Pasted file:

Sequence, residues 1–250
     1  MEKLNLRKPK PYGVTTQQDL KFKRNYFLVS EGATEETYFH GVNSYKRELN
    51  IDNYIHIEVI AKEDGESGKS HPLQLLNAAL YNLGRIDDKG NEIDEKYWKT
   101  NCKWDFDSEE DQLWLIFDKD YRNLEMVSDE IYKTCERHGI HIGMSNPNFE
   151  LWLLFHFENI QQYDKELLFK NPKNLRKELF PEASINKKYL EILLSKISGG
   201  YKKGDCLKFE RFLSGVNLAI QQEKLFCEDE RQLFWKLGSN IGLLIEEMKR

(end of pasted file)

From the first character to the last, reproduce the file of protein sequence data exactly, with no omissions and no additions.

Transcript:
Sequence, residues 1–250
     1  MEKLNLRKPK PYGVTTQQDL KFKRNYFLVS EGATEETYFH GVNSYKRELN
    51  IDNYIHIEVI AKEDGESGKS HPLQLLNAAL YNLGRIDDKG NEIDEKYWKT
   101  NCKWDFDSEE DQLWLIFDKD YRNLEMVSDE IYKTCERHGI HIGMSNPNFE
   151  LWLLFHFENI QQYDKELLFK NPKNLRKELF PEASINKKYL EILLSKISGG
   201  YKKGDCLKFE RFLSGVNLAI QQEKLFCEDE RQLFWKLGSN IGLLIEEMKR